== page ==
As part of the government’s initiative to help ease the financial consequences of the cost-of-living crisis, the proposed £200 energy bill rebate (which households were required to pay back within 5 years) has now been upgraded to a £400 discount, which doesn’t need to be repaid.
The discount has sparked a rather heated debate within the rental sector as it’s unclear how landlords and tenants will fare, especially tenants with prepayment meters or those in a house of multiple occupation. Many renters, according to Shelter’s Chief Executive Polly Neate, will be “at the mercy of their landlord” when it comes to receiving the £400 energy grant.
In addition, many landlords are finding themselves in a financially difficult situation as they’re unable to quickly respond to rising energy prices and are therefore finding themselves out of pocket. So it’s not always a black & white situation for everyone when it comes to divvying up the grant.
Who Is Eligible For The Grant?
Every household is eligible for the grant, but not every person. The person who pays the bill will be the one to benefit. This can cause difficulty and confusion within the rental sector, as whether landlords or tenants receive the grant will depend on who pays the energy supplier directly. Tenants who don’t pay their bill directly to their energy supplier, such as those who have a prepayment meter or live in a house of multiple occupation, are likely to find themselves paying the increased energy costs without benefitting from the grant. In these situations the grant will consequently fall to the landlord as they’re the one to pay the supplier directly.
Should Landlords Redistribute The Grant To Their Tenants?
At the moment there is no set guidance on if and how the grant should be redistributed to tenants, but the National Residential Landlords Association’s director of policy, Chris Norris, has reminded the sector that: “Landlords who are resellers of energy are not allowed to make a profit on that resale – they can be taken to the small claims court if they do”, so it’s important that landlords find a fair way of distributing the money.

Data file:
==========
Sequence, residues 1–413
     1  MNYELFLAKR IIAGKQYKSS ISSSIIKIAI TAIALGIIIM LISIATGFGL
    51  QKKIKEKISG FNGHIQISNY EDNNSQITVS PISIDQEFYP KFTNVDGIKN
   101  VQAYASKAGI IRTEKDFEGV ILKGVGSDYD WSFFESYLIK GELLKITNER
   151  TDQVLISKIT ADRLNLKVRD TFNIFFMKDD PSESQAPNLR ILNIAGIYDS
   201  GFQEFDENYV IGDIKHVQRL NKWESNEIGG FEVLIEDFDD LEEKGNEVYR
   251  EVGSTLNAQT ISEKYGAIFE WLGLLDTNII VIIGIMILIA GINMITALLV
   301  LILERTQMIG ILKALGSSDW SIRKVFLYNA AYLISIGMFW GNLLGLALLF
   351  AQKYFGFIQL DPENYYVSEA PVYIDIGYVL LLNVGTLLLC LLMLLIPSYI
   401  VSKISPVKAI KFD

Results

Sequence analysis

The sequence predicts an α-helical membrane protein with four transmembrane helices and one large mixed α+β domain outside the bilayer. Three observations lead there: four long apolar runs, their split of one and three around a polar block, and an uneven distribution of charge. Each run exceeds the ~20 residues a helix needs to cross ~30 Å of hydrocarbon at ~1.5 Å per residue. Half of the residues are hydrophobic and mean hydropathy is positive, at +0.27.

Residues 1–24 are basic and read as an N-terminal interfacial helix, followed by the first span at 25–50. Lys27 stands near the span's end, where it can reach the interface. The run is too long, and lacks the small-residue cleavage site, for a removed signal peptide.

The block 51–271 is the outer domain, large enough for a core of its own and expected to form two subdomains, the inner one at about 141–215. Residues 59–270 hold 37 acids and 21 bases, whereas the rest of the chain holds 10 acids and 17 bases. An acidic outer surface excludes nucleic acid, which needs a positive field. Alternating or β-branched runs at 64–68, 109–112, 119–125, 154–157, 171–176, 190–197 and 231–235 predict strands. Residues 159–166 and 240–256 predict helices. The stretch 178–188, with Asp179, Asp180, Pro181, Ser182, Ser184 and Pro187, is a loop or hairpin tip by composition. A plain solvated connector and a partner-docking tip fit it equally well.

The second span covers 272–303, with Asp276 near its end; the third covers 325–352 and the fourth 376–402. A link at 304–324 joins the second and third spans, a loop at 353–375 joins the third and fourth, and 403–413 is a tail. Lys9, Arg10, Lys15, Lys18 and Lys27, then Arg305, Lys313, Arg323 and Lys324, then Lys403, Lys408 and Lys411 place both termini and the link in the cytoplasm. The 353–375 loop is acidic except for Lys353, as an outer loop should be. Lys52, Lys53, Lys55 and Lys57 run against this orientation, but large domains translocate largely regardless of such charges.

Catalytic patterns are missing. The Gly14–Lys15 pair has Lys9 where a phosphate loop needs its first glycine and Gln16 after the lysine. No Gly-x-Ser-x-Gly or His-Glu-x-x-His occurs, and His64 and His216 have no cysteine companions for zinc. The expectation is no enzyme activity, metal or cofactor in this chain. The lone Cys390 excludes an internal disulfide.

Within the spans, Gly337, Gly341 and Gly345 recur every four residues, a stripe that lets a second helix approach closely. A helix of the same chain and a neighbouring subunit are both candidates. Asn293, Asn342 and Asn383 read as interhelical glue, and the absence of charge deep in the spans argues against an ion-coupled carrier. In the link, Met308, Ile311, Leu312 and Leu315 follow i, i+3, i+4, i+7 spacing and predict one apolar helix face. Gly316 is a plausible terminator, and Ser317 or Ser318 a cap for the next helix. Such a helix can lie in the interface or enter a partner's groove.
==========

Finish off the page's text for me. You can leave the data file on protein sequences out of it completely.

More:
There are various ways that this could be done, depending on each landlord’s individual circumstances. Options include working out the percentage of the total bill that each tenant pays and then splitting the grant by that same percentage, by reducing the rent slightly to take the grant into account, or by offering vouchers for pre-payment meters if the property has these.
However, the decision to redistribute the grant back to tenants isn’t always straightforward. For landlords who include energy bills within the rent price or those with prepay meter rates based on outdated energy prices are likely to find themselves already out of pocket due to being restricted on when and how they can adjust rent prices to accommodate the significant rise in energy prices. In these circumstances it’s understandable why many landlords feel reluctant to redistribute the grant.
Where Can I Seek Help Regarding The Distribution Of The Grant?
You may wish to seek advice from your accountant regarding your concerns over the redistribution of the grant, especially in the situations outlined above. Your accountant will talk you through the process, offer recommendations and outline the most cost-effective way of redistributing the grant back to your tenants, all specific to your requirements, your circumstances and your portfolio. For more information, contact one of our experienced accountants who will be more than happy to help. And if you’re new to Warr & Co, be sure to take advantage of our free initial consultation too!
Warr & Co offers landlord accounting and advice so feel free to get in-touch.